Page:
It’s the little things in life that really make it all worthwhile. Sure, I’m doing a ridiculous amount of work which I pay others an exorbitant amount of money for the privilege of being allowed to so. Sure I have no social life in an entirely new city that is simply begging to be explored. Sure, I have stress levels close to my all-time highs of self doubt and depression.
But there are rewards, if few and far between. Free hors d’oeuvres and wine at local smoozy lawyer events put on by the college is one. Getting to try Moose Drool with a Montana friend is another (it’s a beer, I’m not that desperate to view the moose). Drinking Spanish coffee from a ‘dark’ owl mug because I’m African so I get the dark one is another. Talking about the foolish things I do, like cutting my hand opening a bottle of Scotch, is a fourth. Somehow these have all so far involved alcohol, but I promise, parents, sisters, and other family, that my liver and kidneys are fine and I’m being moderate.
A final reward is the speakers and panelists we get to hear from that the law school brings. Some of them are long winded and unaccustomed to giving speeches, even though they all know their stuff. However, all of them are interesting, and some are really good, really informative, and really funny. Tonight’s was just such a one.
You must understand I’ve been in something of a funk. I’m stressed about school and getting things done, especially my appellate brief. I’m stressed about finding a job. I’m especially stressed about networking, because I hate it. I’m a klutz, and somewhat proud of it. I have very little dignity and only a modicum of shame, which allows me to enjoy myself but really doesn’t give me the elegance you might expect from a higher-level professional lawyer. I’d rather wear my boots. This evening changed that to a certain extent, or at least broke me out of my funk. Sure, it was a very professional speech, very well presented, and accurate and informed and interesting. But the stuff I covered my hand with in red ink was the jokes.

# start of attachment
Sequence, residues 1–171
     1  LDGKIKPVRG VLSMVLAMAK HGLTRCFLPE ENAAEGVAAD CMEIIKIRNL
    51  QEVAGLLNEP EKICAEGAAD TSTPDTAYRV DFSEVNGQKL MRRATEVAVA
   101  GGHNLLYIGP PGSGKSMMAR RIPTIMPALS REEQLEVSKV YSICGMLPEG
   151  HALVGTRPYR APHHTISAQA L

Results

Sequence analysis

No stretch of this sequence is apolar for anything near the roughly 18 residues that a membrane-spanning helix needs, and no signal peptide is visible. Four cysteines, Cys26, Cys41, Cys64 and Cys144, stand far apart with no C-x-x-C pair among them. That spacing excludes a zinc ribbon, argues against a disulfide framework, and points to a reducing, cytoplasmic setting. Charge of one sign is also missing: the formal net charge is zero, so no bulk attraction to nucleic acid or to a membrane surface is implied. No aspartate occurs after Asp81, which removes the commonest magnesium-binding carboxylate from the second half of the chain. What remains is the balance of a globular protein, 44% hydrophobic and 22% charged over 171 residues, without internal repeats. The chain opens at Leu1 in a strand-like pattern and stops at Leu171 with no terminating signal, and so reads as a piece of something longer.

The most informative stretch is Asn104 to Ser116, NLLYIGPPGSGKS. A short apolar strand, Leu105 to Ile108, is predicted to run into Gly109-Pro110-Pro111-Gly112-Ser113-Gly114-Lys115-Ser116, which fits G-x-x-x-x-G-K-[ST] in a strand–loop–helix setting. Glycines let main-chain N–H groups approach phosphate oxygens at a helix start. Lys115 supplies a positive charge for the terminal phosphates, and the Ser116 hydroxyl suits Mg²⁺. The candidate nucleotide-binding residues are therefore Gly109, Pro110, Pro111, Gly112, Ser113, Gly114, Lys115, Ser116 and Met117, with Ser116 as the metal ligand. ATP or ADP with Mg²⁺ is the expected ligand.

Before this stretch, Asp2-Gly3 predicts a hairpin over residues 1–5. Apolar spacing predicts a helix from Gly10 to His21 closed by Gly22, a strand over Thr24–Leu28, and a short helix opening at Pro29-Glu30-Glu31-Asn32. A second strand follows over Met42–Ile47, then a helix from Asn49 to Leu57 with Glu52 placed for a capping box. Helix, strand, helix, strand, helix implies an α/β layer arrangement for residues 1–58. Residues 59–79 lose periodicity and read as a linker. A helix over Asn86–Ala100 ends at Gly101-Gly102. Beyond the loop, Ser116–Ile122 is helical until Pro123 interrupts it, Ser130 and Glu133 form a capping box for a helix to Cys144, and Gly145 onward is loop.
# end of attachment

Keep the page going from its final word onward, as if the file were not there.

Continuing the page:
The first joke involved an old Louisiana case about nepotism in steamboat pilot licensing. Ok, actually there was lots of joking about big-headed terms used, but how it was ok as they were French and it’s Louisiana. Anyway, the first snortable was her comment on the court’s decision, which basically upheld the Louisiana statue by saying it wasn’t nepotism, it was a romanticized, Mark Twain style life on the river – in direct contrast to a decision that licensing should be based on some other determinative, like ‘merit’ or … ‘random’. Random is my favorite way to decide the legality of issues.
Next, she mentioned in passing a speaker we’d had on campus the previous day, Paul Smith, who evidently went to her elementary school. Of course we got the funny anecdote about primary education. In this case it involved his sister and herself in a Halloween costume competition rivalry, in which she “beat his sister like a drum”. Snorfle.
In concluding, I realize that even though I have to finish writing this crummy, boring, and poorly designed appellate brief, that doesn’t mean I have to lose my sense of self. The ridiculous will always be there for my amusement, inside the court system and without. I am free to remain unrefined, direct, and possibly abrasive without losing my chances to be someone great who gets schmoozed to by lawyerly kind. And now that I’ve spent way too much time musing on how great my life is, I’m off to sink a few more hours into the boring kind of writing before bed.